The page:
6. Vacuum sealing apparatus comprising in combination conveyor means adapted to support containers arranged thereon in a row and to move said containers in the longitudinal direction of the row, a top heating chamber above said conveyor means and formed with end and bottom wall openings for the movement through the chamber of the upper portions of the containers in said row, means for heatlngthe portions of the containers within said chamber, means for loosely holding 4covers in place on the containers to permit the escape of air and vapor from the containers extending into said chamber and to insure the movement of each cover into sealing engagement with the container as the latter passes away from said chamber and the pressure with the container diminishes below the pressure 'acting externally on the container, and means forming a movable bottom wall for said chamber and formed with permanent apertures through which the upper portions ci' the containers extend into said chamber.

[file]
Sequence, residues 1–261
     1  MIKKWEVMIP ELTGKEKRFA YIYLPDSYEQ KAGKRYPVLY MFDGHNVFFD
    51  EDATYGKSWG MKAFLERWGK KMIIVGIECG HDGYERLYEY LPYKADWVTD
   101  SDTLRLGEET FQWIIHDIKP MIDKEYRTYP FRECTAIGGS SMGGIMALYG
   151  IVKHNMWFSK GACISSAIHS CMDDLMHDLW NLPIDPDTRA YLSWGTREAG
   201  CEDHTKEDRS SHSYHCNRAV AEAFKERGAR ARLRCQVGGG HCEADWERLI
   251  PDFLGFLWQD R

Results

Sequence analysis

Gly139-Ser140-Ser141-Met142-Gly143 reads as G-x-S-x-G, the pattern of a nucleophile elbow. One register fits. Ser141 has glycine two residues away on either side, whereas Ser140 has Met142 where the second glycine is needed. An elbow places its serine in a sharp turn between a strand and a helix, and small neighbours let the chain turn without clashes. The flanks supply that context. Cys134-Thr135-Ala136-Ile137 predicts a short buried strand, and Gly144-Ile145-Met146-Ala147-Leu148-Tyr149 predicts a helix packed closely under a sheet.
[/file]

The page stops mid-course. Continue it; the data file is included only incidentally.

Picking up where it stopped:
7.-In packaging material in a vacuum sealed container, the method which consists in illling the container with said material, heating the nlled comprising in container, placing a container cover in closing position on the container, thereafter subjecting the upper portion of the filled container to a localized top heating action, while loosely holding the container cover in place to permit the escape of air and vapor from the container during the top heating operation and to permit the cover to be pressed into sealing engagement with'the container, when, following thewp heating operation, the pressurey acting externally on the container exceeds the pressure within the container, and subsequent to said top heating action, subjecting said container to an external pressin'e exceeding the-pressure-within the ccn- KARL L. FORD.

Referenced by
Citing PatentFiling datePublication dateApplicantTitle
US3443352 *Apr 14, 1967May 13, 1969Int Machinery CorpPackaging machine and method
US4189897 *Nov 1, 1978Feb 26, 1980Acraloc CorporationHigh speed evacuation chamber packaging and clipping machine
US8196371 *Apr 26, 2007Jun 12, 2012Yuyama Mfg. Co., Ltd.Cap supply device
USRE37471Oct 7, 1999Dec 18, 2001Robert Bosch Packaging Technology, Inc.Vial filling apparatus
USRE38747Dec 17, 2001Jun 28, 2005Robert Bosch Packaging Technology, Inc.Vial filling apparatus
Classifications
U.S. Classification53/440, 53/127, 53/287, 53/110, 100/154, 53/471
International ClassificationB67B3/24
Cooperative ClassificationB67B3/24
European ClassificationB67B3/24